2. Study Area

Laguna del Sauce (34°43′S, 55°13′W) is a subtropical shallow lake (max depth 5 m) located in Maldonado in the south-eastern region of Uruguay (Figure 1). It is an interconnected system of three shallow lakes—Laguna del Sauce (4045 ha), Laguna de los Cisnes (205 ha) and Laguna del Potrero (411 ha)—and was originally a coastal lagoon until 1947 when it was dammed for military purposes [27,30]. Due to its outflow dam, Laguna del Sauce connects unidirectionally with the Atlantic Ocean through Potrero stream and has no seawater intrusions [30,31]. The catchment extends over an area of 722 km2 with its main tributaries, from the Pan de Azúcar river in the northwest to Sauce in the northeast (Figure 1). The lake volume is 152.5 mm3, and the average water input to the lake is 285.4 mm3/year [27,30]. The Laguna del Sauce catchment has average temperatures around 12–21 degrees, a mean yearly rainfall of 1084 mm for the 1981–2019 period, and a mean elevation of 99 m. Rainfall tends to be concentrated during winter (July, August and September), although it is highly variable from one year to the next. Among the wide variety of HES provided by Laguna del Sauce, the drinking water supply is the main service. It is the second-largest drinking water source in Uruguay, supplying more than 95% of the permanent population of 160,000 people and more than 400,000 people during summer [30,32]. It is the only freshwater ecosystem in Uruguay defined by the national water code (decree 253/79) with classification 1, which establishes drinking water supply as its principal use.
Laguna del Sauce is a eutrophic ecosystem, with high nutrient concentrations and recurrent blooms of cyanobacteria, particularly during warm seasons (November to March) [31]. Cyanobacteria blooms have been recorded from 1960 to the present with increasing recurrence and persistence over time, which implies an important health threat due to their toxicity potential and the main use of this ecosystem as a tap water supply [30]. These cyanobacterial blooms caused disruptions in the water supply in 2015, despite institutional efforts on biomonitoring and purification [28]. These blooms also affect various productive and recreational activities in the area and compromise the availability of different ecosystem services [30]. Two main factors are identified as convergent factors that explain the accelerated eutrophication and cyanobacterial blooms: first, the damming of the lake to maintain its water level in 1947, increasing the residence time of the water, and second, an accelerated increase in the nutrient inputs from the basin due to the intensification of agricultural-livestock and urban uses in the last 150 years. These two combined factors have rapidly increased the nutrient internal loading in Laguna del Sauce, sustaining high biomasses of algae and cyanobacteria [30,31,33,34].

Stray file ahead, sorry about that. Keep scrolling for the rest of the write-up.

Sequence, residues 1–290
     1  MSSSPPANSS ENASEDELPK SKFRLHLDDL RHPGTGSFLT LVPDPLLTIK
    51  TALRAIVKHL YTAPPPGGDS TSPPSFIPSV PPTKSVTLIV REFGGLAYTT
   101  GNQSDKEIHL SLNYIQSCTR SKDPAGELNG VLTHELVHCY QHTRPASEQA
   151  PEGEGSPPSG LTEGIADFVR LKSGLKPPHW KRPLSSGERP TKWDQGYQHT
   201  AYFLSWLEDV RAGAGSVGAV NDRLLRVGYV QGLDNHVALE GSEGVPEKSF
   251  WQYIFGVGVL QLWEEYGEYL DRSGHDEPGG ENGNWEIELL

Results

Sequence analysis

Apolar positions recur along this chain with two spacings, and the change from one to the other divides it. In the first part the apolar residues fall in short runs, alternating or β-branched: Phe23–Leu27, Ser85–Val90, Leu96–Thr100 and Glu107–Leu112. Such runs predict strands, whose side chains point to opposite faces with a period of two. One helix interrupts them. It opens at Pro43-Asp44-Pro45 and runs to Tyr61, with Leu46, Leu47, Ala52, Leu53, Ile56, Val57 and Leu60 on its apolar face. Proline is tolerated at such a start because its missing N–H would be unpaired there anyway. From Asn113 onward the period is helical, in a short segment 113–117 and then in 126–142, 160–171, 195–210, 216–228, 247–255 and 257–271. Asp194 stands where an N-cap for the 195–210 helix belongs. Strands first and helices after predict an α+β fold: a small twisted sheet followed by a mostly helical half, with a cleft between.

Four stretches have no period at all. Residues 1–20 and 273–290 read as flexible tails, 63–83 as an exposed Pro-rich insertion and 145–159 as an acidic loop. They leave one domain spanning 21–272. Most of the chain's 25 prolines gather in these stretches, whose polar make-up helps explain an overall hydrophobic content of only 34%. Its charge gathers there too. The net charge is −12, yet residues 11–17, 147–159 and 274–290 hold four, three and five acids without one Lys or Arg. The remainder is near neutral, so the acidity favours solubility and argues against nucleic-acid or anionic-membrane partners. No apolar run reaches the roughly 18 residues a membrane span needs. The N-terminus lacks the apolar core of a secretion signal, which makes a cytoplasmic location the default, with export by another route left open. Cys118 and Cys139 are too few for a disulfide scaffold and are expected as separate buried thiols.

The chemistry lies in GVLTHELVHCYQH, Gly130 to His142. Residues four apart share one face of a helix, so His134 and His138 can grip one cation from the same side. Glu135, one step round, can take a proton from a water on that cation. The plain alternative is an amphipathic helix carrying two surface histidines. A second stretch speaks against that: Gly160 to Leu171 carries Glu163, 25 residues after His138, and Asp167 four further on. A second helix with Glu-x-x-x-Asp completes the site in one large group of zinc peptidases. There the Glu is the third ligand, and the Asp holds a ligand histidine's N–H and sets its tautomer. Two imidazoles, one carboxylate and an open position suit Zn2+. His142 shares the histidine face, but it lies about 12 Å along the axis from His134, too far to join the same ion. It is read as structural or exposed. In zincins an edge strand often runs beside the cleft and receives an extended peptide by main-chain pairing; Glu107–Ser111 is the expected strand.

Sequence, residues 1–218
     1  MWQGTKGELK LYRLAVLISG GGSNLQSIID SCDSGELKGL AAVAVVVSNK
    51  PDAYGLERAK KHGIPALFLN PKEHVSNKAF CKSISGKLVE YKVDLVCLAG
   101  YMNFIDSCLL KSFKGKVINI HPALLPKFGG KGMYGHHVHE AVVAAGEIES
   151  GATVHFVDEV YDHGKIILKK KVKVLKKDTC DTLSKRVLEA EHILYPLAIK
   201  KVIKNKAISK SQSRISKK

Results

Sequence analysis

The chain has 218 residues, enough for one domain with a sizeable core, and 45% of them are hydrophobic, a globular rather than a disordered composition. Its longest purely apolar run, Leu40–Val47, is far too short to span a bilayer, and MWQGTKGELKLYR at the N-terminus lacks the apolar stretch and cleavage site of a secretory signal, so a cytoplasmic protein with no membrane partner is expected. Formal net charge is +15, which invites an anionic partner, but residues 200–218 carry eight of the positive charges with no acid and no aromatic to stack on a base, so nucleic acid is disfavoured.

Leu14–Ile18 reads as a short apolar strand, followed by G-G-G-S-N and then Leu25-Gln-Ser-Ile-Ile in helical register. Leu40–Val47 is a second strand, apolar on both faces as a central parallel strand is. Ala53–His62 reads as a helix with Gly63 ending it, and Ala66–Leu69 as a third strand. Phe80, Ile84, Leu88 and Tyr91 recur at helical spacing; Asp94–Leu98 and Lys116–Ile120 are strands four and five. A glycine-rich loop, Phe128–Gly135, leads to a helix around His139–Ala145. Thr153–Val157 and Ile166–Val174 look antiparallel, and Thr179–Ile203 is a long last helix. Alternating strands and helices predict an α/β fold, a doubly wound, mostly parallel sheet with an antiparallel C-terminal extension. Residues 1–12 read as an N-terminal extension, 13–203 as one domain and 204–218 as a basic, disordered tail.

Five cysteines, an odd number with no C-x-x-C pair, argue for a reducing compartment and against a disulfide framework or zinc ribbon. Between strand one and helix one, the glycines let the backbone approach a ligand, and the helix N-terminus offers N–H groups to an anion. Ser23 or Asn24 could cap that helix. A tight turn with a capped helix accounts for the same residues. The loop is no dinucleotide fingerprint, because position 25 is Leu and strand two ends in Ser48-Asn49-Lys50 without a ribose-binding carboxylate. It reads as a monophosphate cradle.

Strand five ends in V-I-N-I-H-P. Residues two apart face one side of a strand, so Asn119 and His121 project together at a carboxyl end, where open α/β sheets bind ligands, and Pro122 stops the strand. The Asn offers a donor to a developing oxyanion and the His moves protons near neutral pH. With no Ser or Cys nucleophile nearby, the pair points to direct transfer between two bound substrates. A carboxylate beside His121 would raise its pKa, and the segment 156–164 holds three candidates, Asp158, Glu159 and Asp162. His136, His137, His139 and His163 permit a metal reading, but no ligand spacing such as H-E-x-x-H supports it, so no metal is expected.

Laguna del Sauce catchment cover is predominantly grassland (47.6%) and native forest (16.9%) [30], while livestock farming on natural and regenerated pastures is the main land-use. Forest activity represents 12.9% of the catchment, mainly represented by Eucalyptus spp. for the paper and energy industry [34,36] with a forestry priority that occupies 48.4% of the catchment, of which 29.7% is currently forested. Agriculture had a sustained expansion over time, corresponding mainly to soybean, wheat and sorghum which ranged from 1171 ha in 2008 to 8216 ha in 2015 and represent 11.6% of the catchment area [36] (Figure 1). Urban areas occupy 4.4% of the catchment, with sustained urban growth in the region for the last 60 years [32].

3. Materials and Methods

To assess the potential impact of climate change on the aquatic resources of the Laguna del Sauce catchment and its associated HES, we simulated the hydrological cycle under different climatic scenarios (Representative Concentration Pathways RCP 2.6, 4.5 and 8.5, IPCC, 2013). To meet the aims, we (1) modelled the current hydrological cycle of the catchment based on climatic data, (2) calibrated and validated the model based on satellite-derived ET data, demonstrating the use of remote sensing data to assess calibration and validation of hydrological models in watersheds where there is lack of observed streamflow data, (3) downscaled climate scenarios based on GCM models available for RCP 2.6, 4.5 and 8.5 as well as historical data and its inclusion in the hydrological model, and (4) downscaled the climate scenarios and inclusion in the hydrological model to evaluate the climate change impact on the Laguna del Sauce catchment and the associated HES supply.